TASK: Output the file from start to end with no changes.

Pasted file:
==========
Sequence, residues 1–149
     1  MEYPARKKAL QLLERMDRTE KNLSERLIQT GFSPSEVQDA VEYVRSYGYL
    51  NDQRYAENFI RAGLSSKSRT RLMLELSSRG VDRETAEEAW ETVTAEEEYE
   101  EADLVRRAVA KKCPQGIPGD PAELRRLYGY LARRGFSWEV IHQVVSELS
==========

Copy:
Sequence, residues 1–149
     1  MEYPARKKAL QLLERMDRTE KNLSERLIQT GFSPSEVQDA VEYVRSYGYL
    51  NDQRYAENFI RAGLSSKSRT RLMLELSSRG VDRETAEEAW ETVTAEEEYE
   101  EADLVRRAVA KKCPQGIPGD PAELRRLYGY LARRGFSWEV IHQVVSELS